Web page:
The Surprising Hidden Costs of Looking for a Home
Home hunting remains a passionate pursuit in our country and there are many who keep looking for a year or more before zeroing in on the right property.
What you pay for the property is not necessarily all that you’ll have to spend in the pursuit for a home. There are several surprising hidden costs of looking for a home, too.
You may already have spent $20,000 searching for your property
There is a good chance that if you have been hunting for a property over a year, you would already have incurred an expense of $20,000 or more. Let’s factor in all the probable costs. Even these wouldn’t be all because every property hunter has some unique attribute and apart from the normal expenses, he or she may be inclined to make some peculiar expenses, too.
Surprising hidden costs of looking for a home
Did you ever realise that the petrol you use while home-hunting , or the coffee or the quick bite you grab from the roadside takeaway, are all costs incurred in pursuit of your home? If you are diligently searching for a home for over a year– wait, what does a diligent search mean anyway? It means that you have been paying babysitters, taking unpaid days off work, and so on to hunt property down. So, if this be the case, you must add around $21,000 to your total purchase price, or you will make a mistake when the time for calculating your capital gains comes.
Cost of researching the market
To break down the surprising hidden costs of looking for a home, let us begin with market research. If you have been following comparable sales figures which tell you how much identical properties (within a short radius of your property) have sold for in the last three months, reaching out for property reports and have been carefully looking over suburb profiles, then you may have already spent $1,800.
Road tolls and petrol costs
You have been driving back and forth for your regular property inspection so it may be wise to add petrol costs and road tolls. Reliable researches suggest that if you are looking at three different properties over a month, you are spending about $190 on these factors. Over the course of a year, the amount could add up to $2,280.
Food and beverages (Innocuous expenses? Think again)
Something like coffee–a seemingly innocuous expense–can set you back by $250 a year, and that odd lunch can force you to cough up close to $1,100.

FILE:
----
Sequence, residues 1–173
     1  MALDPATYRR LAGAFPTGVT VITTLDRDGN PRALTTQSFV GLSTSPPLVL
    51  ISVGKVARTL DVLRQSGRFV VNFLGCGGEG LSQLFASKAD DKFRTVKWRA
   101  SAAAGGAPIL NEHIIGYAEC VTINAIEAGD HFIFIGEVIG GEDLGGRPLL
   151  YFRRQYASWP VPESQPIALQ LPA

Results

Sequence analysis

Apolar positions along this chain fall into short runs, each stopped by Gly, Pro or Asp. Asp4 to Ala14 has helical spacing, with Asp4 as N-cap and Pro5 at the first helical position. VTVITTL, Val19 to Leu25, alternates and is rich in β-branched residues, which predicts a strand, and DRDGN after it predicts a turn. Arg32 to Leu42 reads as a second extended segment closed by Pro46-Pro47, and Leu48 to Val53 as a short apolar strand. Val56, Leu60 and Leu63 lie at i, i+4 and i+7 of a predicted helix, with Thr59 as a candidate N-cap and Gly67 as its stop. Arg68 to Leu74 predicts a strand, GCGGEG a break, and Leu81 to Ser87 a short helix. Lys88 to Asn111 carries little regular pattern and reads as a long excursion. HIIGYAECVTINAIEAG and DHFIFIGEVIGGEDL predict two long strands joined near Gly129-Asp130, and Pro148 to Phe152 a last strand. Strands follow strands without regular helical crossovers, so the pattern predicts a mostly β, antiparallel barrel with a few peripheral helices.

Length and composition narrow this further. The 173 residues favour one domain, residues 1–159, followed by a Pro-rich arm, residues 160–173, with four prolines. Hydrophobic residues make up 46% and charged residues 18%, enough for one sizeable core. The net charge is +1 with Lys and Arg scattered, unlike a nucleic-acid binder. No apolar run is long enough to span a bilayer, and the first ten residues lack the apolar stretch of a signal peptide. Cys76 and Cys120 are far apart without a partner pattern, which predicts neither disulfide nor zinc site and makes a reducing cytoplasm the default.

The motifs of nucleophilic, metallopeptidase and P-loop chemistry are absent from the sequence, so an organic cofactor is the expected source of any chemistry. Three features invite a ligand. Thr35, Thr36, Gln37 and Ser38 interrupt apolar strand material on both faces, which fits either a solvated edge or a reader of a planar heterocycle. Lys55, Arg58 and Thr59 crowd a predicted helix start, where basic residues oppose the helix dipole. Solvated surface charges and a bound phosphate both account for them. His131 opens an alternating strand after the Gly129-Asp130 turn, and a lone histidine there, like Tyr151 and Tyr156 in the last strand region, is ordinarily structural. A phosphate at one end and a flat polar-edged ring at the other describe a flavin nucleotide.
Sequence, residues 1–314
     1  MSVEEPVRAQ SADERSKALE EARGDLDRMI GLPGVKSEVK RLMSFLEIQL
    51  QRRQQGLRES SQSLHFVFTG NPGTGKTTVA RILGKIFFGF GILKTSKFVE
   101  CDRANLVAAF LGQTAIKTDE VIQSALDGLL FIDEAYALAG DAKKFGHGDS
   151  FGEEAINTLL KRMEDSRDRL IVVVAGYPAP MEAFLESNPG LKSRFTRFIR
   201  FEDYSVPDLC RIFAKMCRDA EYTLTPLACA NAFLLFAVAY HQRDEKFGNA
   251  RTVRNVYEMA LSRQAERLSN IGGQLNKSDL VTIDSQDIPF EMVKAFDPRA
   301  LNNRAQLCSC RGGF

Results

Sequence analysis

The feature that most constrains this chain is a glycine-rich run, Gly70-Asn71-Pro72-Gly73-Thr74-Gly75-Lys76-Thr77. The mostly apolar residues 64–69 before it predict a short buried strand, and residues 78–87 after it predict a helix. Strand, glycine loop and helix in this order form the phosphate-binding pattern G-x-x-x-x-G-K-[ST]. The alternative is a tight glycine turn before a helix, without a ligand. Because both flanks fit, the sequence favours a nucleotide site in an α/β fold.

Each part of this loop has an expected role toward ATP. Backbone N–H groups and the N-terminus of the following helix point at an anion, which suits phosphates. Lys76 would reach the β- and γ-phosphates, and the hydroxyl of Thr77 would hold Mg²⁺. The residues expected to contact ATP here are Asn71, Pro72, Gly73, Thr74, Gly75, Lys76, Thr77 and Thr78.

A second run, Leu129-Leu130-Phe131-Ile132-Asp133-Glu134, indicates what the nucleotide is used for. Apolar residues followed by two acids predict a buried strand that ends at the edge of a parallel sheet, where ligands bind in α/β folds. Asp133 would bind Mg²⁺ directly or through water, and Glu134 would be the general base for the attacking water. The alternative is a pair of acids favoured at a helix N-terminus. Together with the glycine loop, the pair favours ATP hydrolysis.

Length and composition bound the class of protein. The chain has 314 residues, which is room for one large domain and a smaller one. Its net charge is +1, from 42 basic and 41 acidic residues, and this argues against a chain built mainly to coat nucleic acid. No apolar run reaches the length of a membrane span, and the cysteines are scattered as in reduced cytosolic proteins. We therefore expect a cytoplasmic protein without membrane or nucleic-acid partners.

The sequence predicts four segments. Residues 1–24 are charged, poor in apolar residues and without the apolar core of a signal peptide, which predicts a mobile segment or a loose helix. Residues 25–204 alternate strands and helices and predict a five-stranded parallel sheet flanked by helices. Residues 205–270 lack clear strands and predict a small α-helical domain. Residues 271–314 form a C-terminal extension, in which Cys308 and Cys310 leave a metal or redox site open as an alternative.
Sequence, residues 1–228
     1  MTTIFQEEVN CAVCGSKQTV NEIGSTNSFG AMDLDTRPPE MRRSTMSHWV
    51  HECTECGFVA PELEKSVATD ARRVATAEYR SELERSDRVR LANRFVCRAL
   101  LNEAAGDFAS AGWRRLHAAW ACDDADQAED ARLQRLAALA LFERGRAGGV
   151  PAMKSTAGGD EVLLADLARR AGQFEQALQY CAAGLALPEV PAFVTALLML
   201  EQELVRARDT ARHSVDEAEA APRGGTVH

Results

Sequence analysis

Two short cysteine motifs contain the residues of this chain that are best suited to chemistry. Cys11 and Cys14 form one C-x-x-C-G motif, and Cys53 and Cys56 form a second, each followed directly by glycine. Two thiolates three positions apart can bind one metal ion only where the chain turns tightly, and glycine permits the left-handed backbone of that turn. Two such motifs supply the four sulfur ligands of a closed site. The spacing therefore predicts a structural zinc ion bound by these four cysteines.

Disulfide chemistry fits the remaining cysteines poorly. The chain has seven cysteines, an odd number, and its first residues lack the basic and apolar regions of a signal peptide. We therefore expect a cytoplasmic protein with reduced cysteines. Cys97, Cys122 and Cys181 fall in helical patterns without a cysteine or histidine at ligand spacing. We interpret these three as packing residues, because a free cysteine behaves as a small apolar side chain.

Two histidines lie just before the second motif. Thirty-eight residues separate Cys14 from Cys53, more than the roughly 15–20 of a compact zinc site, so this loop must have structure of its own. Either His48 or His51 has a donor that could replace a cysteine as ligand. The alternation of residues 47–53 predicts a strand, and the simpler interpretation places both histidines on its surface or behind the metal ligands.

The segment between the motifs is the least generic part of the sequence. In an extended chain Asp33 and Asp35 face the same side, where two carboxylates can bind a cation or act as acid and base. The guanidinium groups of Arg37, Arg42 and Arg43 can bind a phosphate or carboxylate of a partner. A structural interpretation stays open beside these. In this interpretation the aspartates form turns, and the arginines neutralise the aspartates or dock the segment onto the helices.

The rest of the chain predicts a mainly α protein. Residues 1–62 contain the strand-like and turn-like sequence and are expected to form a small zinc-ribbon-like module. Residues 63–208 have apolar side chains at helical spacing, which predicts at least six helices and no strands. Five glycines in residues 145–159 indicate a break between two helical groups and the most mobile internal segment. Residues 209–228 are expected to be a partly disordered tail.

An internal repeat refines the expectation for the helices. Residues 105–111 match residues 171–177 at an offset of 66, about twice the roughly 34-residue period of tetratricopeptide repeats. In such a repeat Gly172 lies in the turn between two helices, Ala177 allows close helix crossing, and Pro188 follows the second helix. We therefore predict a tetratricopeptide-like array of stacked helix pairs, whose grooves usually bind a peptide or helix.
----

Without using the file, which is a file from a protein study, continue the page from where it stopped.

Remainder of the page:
Next in line is the opportunity cost. You may have to take unpaid leave from your work to search for your house. If you take the amount you would have made for a day’s work and add it to what your partner would have made if both of you took a day off each month, we may be looking at a figure of $8,400 annually.
Payments to professionals
Add to this the money spent on seeking professional advice. This can include payments to accountants, property inspectors and financial planners, which can easily run up to $1,700 a year.
Cost of hiring babysitters
It is definitely easier to hunt for homes without kids hanging off your arms, but babysitting fees could cost you $5,400 over a year.
Mobile data expenses
And time for another apparently innocuous cost–mobile data that you eat up month after month scouring for your property. While mobile data plans in Australia are quite competitive, you could still go over the limit, and that could cost you about $250 a year.
The not so hidden costs and the hidden ones
There are many other costs that come with buying a house, like the pest and building inspection fee, the payment made to the conveyancer, solicitor, the council fee, water rate, title registration fee, bank valuation fee, stamp duty, among others. However, these costs are expected and no one thinks of them as hidden costs.
The costs I enumerated earlier, however, can make you poorer by about $21,000 even before you actually buy the property. Ideally, you should factor them into your total purchase price if you want to make a reliable estimate of how much your home has cost you overall.